Hunting Gerenuk in Africa

Hunting Gerenuk in Africa

African gerenuk (Litocranius walleri), also known as Waller’s gazelle, or giraffe-necked antelope, is a long-necked antelope found in dry thorn shrubland and desert in Ethiopia, Somalia and Tanzania.  The word gerenuk comes from the Somali word for “giraffe-necked” garanug.  Only the males have horns.  The horns grow backward and upward with hooked tips.  These animals have long, thin necks 7-10 inches in diameter.  The males weigh 100 pounds and stand 35-41 inches at the shoulder; the female is smaller, 65 pounds and 31-39 inches tall.

The gerenuk is diurnal and requires little drinking water.  It may live out its life without ever drinking. All the liquid it requires comes from the vegetation it consumes. Because of this lack of a need to drink, it can survive in very dry habitat.  Gerenuks are browsers, not grazers.  They favor trees and thorn bush and can stand on their hind legs, and elongate their neck to get higher leaves and branches than can other antelope.  They will also eat fruit, flowers, new buds, and plants.  They brace themselves against the tree with their forelegs to steady themselves.  From this position they use their long upper lip and tongue to eat the leaves.  They can browse up to seven feet on the tree.

Man is not the only animal hunting gerenuk in Africa.  Lion, cheetah, leopard, and jackals also hunt gerenuks in Africa.  The gerenuk uses its long, thin legs to aid it in escaping from predators trying to attack.  However, there is a possibility that the gerenuk could fracture a leg bone when running over uneven ground.  There have been several occasions where gerenuk have snapped a bone while in a mad dash for safety, and became the predator’s next meal.  Gerenuks form small mixed herds, or gather together in bachelor groups.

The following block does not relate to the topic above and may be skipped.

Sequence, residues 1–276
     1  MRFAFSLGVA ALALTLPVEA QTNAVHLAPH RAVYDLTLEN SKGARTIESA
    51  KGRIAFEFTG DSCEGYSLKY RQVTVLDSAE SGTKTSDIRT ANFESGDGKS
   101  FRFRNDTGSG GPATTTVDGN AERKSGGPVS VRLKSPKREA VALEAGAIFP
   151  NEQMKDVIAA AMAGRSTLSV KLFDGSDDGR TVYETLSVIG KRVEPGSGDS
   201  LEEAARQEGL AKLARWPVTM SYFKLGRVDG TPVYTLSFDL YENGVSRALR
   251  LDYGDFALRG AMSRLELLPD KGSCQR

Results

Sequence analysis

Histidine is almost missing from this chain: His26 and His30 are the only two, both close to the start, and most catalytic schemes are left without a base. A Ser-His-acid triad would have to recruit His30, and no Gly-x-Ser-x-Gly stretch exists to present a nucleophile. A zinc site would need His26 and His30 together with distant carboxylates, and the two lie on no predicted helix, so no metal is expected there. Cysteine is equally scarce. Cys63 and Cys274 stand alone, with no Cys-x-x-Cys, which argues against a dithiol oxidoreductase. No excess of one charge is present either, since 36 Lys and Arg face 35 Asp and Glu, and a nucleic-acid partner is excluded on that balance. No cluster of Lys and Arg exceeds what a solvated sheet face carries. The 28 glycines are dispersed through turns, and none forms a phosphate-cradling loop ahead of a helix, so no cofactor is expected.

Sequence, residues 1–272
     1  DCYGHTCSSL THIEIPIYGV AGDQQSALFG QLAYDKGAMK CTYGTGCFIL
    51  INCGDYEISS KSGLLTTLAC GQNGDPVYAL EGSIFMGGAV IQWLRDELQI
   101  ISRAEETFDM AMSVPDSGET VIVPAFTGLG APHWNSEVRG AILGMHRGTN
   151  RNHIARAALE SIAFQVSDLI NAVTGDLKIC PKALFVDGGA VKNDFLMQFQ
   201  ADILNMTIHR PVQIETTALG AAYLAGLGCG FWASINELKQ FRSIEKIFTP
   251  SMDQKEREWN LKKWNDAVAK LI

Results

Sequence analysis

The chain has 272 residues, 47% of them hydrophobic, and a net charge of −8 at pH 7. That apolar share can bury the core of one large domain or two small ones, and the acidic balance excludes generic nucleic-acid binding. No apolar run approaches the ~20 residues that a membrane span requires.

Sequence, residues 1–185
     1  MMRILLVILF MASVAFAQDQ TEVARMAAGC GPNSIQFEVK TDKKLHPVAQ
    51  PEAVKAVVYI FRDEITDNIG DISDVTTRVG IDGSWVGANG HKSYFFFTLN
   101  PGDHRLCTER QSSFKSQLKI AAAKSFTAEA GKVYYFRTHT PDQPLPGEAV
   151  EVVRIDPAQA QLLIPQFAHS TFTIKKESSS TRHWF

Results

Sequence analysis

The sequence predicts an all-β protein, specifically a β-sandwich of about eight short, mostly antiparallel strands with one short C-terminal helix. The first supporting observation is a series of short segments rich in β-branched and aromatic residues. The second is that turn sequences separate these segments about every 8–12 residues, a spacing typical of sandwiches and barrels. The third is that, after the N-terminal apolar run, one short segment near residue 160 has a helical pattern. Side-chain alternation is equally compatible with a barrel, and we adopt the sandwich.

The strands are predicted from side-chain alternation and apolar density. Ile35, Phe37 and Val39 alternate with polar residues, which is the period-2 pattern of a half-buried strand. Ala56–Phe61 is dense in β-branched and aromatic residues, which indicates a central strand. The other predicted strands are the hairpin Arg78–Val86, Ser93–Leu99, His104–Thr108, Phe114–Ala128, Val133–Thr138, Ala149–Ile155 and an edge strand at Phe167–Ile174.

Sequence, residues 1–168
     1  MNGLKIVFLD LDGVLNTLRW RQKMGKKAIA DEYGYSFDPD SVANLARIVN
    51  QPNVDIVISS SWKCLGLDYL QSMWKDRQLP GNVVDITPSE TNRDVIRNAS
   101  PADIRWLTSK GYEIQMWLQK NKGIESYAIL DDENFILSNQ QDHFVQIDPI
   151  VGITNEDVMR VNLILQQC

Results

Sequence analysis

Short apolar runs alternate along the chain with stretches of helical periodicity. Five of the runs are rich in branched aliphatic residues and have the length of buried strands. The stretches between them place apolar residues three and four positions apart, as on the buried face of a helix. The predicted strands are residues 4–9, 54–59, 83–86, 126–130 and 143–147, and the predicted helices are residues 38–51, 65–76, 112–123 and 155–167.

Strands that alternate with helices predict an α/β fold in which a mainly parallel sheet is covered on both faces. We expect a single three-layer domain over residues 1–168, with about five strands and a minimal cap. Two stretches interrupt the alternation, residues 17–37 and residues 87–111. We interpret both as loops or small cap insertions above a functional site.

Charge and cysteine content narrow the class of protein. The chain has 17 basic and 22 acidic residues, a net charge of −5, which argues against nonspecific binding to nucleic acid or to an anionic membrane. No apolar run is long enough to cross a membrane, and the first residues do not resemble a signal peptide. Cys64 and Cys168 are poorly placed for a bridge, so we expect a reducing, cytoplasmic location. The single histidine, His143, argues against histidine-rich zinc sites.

When alarmed, the gerenuk crouches down, drops its head to body level and breaks into a run.  When it sees something uncertain, it will freeze behind bushes and use its long neck to observe and make the decision to stay frozen or flee.  When hunting gerenuk in Africa, the best time for a shot is before they spot you, and then when they first freeze and look for danger. 

Gerenuk can mate during any month.  Females reach sexual maturity at 12 months.  Males take another six months to mature, but they won’t breed until they have established their own territory which usually happens by three or four years of age.  Gestation period is around seven months with only one offspring being born.  Weight at birth is 6 pounds.  Gerenuk can live for thirteen years in captivity, but their lifespan in the wild is more like eight years.  The gerenuk is considered low risk species by the IUCN.

The proper rifle for hunting gerenuk in Africa is the same rifle you would use for other plains game.  Anything in the .270-.300 caliber range will do the job.  Good optics are important as the gerenuk has excellent sight and hearing, and will be hard to approach closely.  Shots can be over 170 yards.  Use a bullet like the Nosler Partition or Barnes Triple Shock.  One of the .25s would be perfect for a 100 pound gerenuk.  Use the 25-06, .257 Roberts, or .257 Weatherby for long shots.

When hunting gerenuk in Africa, shot placement is going to be a bit hard to set up.  Because of the long legs and neck, the animal can look bigger than it is.  It has a fairly thin torso, so side, or right angle shots have to be thought out a bit.  Divide the animal in half horizontally; and in half again.  Then picture a vertical line running up the back of the foreleg.  Where the vertical line touches the lowest horizontal line is the heart.  If the shot is a bit off, the lungs will be hit.